Sec. Plant Metabolism and Chemodiversity
Editorial: A Novel Perspective for Photosystem I: An Emerging Hub for the Functional Integration of Photosynthesis and Metabolism
- 1Centre of Photosynthetic and Biochemical Studies (CEFOBI-CONICET-UNR), Rosario, Argentina
- 2Molecular Plant Biology, Department of Life Technologies, University of Turku, Turku, Finland
- 3Schools of Life Sciences, University of Essex, Colchester, United Kingdom
Editorial on the Research Topic
A Novel Perspective for Photosystem I: An Emerging Hub for the Functional Integration of Photosynthesis and Metabolism
The autotrophic lifestyle of photosynthetic organisms is determined by their capacity to assimilate CO2 into organic molecules using sunlight as the source of energy. CO2 assimilation provides the bases to sustain all aspects of plant growth, including division, expansion, function and maintenance of cells, and production of stress and defense metabolites. Photosynthetic electron transport (PET) couples absorbed light energy to a chain of redox reactions, leading to formation of a proton motive force and generating NADPH and ATP that are required in the subsequent steps of CO2 fixation. Behind this definition of photosynthesis, there are multiple complex processes associated with the coordination of PET and CO2 assimilation (Stirbet et al., 2020). Energy conversion via photochemical reactions, and gas exchange that facilitates accessibility and conversion of CO2 to photoassimilates are mutually dependent and directly influenced by environmental conditions (Matuszynska et al., 2019; Walker et al., 2020). Adaptation of photosynthesis to external cues has been explored with a focus either on intrinsic aspects of the photochemical process (Alric and Johnson, 2017; Tikhonov and Vershubskii, 2017), or on the dynamic of CO2 assimilation via Rubisco carboxylation/oxygenation (Von Caemmerer, 2020). Likewise, primary metabolic responses to environmental factors have usually involved the characterization of enzymatic activities and central metabolites (e.g., Rubisco, sucrose, starch and protein biosynthetic pathways), independently of photosynthetic parameters (Stitt et al., 2010). Research on further metabolic processes, such as glycolysis, TCA cycle or lipid metabolism have also addressed the connection with photosynthesis mostly indirectly, as a downstream proxy of changes seen in photosynthetic yield.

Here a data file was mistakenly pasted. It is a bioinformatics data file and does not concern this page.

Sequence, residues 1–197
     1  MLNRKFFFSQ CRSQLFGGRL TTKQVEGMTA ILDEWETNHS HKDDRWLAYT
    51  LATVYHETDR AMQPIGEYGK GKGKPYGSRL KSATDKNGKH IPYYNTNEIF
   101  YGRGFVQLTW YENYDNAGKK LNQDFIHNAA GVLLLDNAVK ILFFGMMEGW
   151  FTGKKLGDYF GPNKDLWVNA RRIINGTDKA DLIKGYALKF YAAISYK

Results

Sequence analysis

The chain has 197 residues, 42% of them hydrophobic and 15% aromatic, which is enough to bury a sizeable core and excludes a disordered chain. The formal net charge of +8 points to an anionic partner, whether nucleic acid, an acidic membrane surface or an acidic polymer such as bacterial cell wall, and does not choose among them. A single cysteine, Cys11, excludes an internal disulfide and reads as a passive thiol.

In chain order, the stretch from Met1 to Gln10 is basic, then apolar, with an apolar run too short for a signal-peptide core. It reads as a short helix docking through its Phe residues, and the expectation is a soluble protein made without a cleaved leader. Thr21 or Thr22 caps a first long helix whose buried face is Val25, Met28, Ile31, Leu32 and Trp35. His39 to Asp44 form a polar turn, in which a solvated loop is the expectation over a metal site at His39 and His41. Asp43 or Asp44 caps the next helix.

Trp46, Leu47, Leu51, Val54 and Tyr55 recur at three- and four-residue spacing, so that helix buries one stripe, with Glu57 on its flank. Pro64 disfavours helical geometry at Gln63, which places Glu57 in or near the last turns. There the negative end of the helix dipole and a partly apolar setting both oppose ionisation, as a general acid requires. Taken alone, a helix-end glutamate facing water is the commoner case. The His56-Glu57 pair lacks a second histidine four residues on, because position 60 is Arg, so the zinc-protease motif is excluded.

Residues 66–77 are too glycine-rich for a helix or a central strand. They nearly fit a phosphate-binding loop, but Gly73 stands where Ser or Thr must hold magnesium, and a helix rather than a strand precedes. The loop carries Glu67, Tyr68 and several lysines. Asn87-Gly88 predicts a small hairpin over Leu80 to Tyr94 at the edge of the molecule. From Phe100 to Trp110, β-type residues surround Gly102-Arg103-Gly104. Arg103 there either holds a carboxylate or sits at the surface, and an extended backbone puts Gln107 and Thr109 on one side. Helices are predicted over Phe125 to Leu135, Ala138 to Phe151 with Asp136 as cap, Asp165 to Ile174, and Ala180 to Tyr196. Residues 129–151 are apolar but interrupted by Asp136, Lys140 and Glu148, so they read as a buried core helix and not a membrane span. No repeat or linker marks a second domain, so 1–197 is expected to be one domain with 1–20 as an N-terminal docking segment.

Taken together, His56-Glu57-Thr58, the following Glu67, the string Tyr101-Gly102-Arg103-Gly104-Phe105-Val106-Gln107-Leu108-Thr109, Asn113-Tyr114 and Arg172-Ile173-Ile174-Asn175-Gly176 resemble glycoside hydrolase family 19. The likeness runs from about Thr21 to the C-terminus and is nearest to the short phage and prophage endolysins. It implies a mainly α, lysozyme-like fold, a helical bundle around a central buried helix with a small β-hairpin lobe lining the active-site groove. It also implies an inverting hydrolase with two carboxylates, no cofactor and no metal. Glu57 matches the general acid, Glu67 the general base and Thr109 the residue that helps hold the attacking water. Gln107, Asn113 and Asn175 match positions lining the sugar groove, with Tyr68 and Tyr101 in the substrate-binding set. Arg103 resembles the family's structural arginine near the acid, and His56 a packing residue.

This Research Topic offered an opportunity to present work investigating simultaneously photosynthesis and primary metabolism from a novel perspective. To encourage more integrative research, our proposal was designed to explore photosynthetic energy transduction and CO2 assimilation from photosystem I (PSI) point of view. Recent mounting evidence has demonstrated that PSI is a critical point in the photosynthetic machinery to respond against sudden changes in central metabolism and/or growing conditions. This is in part due to simultaneous regulatory roles in both upstream photochemical reactions, through the control of photo-protective mechanisms, and downstream metabolic pathways, including CO2 fixation and redox levels. Furthermore, the sensitivity of PSI to the imbalance between energy production and cell-metabolism demands, a phenomenon called PSI-acceptor side limitation, makes PSI an excellent gauge of non-optimal external conditions (Pollastrini et al., 2020). In this Research Topic, the reader can find a set of articles demonstrating the intimate connection between central metabolism and photosynthetic performance with focus on PSI.
The recent advances in the comprehension of the link between plastid fatty acid metabolism and redox status are presented in a mini-review by Hernández and Cejudo. Both the steps of the biosynthetic pathways for de novo fatty-acid production and the role of these molecules in photosynthetic performance and in response to abiotic stress are discussed as part of the chloroplast function. In addition, the authors identified key steps in lipid metabolism regulated by Thioredoxin (Trx)- NADPH-dependent Trx reductase C (NTRC) at the stroma.
The latest findings on the molecular mechanisms of PSI photoprotection are exposed by Krämer and Kunz. There, they focused on the role of the malate valve as a mechanism of dissipating reducing capacity outside the chloroplast. Their work spotlights not only the stromal NAD(H) as an underappreciated source to mitigate PSI damage, but also the activity of two malate dehydrogenases that explain the generation of NAD(H) in the stroma.
Modeling photosynthesis provides a framework to organize and test hypotheses about specific processes experimentally, revealing targets for engineering photosynthesis. Saadat et al. present an update of the previously published mechanistic model linking the PET chain with photosynthetic primary metabolism (Matuszynska et al., 2019). This implementation mostly focused on changing the description of the PSI mechanism from the original model by including reactive oxygen species (ROS) formation and metabolism. Interestingly, it highlighted a significant impact of Sedoheptulose-1, 7-bisphosphatase on the regulation of ROS scavenging mechanisms in saturated CO2 conditions.